Before diving deep into self-parody here, some background:
By the eleventh century, several churches in Europe explained they had the Holy Foreskin – the story often went something like this – Jesus’ mother Mary kept the foreskin, along with the umbilical cord, and later gave it to Mary Magdalene. We then jump forward several centuries to the time of Charlemagne, when an angel gave the relic to the Emperor. From there it went to this place or that place, including to Rome. In 1421, it was even sent to Catherine of Valois in England, so that it would bring good fortune (and a pregnancy) to her marriage with Henry V.
The relic has provoked “a lot of theological commentary about whether or not [it] could be real, much of it negative”:
The whole matter was even brought before Pope Innocent III, who was asked to decide whether or not the foreskin and umbilical cord was a true relic. The Pope replied, “Rather than attempt rash answers to such questions, it is better that they be left entirely to God.” This seems to be the line that the Papacy has taken since, although as the idea became criticized and mocked by Protestants, the Holy Foreskin has been gradually hidden away and not talked about by the church.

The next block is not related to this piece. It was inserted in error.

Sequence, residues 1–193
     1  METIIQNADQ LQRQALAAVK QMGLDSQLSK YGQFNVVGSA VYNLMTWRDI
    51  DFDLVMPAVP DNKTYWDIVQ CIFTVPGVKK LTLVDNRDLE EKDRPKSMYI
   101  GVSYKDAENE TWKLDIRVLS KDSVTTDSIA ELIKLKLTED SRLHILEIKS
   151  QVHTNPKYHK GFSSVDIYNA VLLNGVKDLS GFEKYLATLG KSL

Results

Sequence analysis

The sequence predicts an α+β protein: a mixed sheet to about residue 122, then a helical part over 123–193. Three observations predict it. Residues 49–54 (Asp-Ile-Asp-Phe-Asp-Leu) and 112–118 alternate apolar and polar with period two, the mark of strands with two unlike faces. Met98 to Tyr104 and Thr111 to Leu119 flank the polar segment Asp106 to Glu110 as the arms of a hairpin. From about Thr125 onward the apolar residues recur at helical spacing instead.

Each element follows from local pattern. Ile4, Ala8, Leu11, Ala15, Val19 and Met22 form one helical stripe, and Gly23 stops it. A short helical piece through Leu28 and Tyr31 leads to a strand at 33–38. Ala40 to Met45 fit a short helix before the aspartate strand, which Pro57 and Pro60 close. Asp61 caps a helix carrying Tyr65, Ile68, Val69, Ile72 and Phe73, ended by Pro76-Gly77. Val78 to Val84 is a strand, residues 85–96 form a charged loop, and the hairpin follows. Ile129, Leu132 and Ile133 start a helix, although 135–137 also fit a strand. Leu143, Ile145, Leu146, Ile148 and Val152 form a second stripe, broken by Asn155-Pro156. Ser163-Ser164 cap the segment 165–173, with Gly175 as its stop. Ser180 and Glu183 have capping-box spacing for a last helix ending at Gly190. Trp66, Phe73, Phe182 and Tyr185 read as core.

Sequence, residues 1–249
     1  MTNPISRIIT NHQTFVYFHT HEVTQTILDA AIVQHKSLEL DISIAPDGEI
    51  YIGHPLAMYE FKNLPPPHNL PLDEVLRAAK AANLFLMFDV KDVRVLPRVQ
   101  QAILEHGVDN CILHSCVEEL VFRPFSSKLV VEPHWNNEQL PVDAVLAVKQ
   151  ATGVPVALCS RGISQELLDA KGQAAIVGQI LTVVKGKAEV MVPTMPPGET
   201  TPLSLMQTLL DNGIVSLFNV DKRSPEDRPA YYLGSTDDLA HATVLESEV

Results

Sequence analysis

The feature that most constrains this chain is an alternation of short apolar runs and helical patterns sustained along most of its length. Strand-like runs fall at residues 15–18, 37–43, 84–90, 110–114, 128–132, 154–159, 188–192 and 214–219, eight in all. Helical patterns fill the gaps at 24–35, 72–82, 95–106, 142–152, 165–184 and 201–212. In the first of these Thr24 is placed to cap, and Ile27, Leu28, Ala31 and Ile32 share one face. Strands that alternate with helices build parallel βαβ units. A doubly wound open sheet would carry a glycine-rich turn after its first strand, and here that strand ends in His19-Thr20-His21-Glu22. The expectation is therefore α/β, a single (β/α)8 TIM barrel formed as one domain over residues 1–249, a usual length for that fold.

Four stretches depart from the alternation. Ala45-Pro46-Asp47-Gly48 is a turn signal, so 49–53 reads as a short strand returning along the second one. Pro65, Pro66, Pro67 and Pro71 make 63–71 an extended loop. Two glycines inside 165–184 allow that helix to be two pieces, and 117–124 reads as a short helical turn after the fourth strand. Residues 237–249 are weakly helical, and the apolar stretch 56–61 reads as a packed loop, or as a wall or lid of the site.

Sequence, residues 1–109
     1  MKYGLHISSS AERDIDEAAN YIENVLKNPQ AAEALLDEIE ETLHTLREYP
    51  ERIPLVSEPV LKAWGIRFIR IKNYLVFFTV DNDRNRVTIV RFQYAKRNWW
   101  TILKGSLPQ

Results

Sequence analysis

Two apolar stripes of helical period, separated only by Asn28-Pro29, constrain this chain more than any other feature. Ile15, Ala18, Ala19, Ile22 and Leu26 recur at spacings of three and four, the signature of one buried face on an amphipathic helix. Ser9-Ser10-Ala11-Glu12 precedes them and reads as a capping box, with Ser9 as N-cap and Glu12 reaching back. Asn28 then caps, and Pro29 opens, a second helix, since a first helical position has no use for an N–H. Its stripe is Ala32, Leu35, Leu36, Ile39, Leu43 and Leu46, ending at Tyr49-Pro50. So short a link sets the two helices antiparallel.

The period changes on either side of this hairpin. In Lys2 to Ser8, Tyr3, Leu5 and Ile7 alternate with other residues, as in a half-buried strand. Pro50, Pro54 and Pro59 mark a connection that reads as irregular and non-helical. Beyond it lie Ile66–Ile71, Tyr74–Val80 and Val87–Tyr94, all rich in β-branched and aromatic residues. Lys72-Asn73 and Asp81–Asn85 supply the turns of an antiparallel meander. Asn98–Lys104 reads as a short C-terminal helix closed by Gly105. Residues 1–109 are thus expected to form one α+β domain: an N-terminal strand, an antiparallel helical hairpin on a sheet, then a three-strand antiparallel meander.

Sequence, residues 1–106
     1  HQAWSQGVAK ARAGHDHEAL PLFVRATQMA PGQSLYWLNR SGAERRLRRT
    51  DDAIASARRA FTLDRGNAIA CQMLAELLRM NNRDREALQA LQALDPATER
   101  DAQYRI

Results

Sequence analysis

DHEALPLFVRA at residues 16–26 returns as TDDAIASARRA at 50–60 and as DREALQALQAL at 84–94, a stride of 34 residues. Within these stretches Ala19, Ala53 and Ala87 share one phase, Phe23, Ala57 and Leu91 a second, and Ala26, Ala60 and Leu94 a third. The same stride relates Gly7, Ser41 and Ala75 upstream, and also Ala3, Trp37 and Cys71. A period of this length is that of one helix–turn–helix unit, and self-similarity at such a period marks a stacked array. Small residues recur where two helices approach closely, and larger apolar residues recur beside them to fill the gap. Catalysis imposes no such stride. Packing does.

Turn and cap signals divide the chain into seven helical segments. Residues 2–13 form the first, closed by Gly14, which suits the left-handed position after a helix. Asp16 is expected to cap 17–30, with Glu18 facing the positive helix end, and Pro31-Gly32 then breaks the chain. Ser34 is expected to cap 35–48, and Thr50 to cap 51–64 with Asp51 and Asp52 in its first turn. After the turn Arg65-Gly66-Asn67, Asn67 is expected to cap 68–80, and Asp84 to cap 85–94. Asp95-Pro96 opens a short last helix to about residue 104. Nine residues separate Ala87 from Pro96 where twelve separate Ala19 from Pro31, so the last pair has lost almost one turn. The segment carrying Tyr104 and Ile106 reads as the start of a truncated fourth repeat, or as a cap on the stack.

The last place known to have publicly shown the Holy Foreskin was the Italian village of Calcata, which lies 30 miles north of Rome. The locals claimed that the relic had been there since 1527 and every year on January 1st, it would be taken out of the local church and paraded around. Then in 1983, it mysteriously disappeared, taken from a shoebox underneath the priest’s bed. Many locals believe that it was the Vatican that was responsible for taking away their precious relic. It has, however, brought an end to one of the strangest stories of medieval Christianity.
(Video: trailer for The Quest for the Holy Foreskin. Another video investigating the matter is here.)
(Hat tip: 3QD)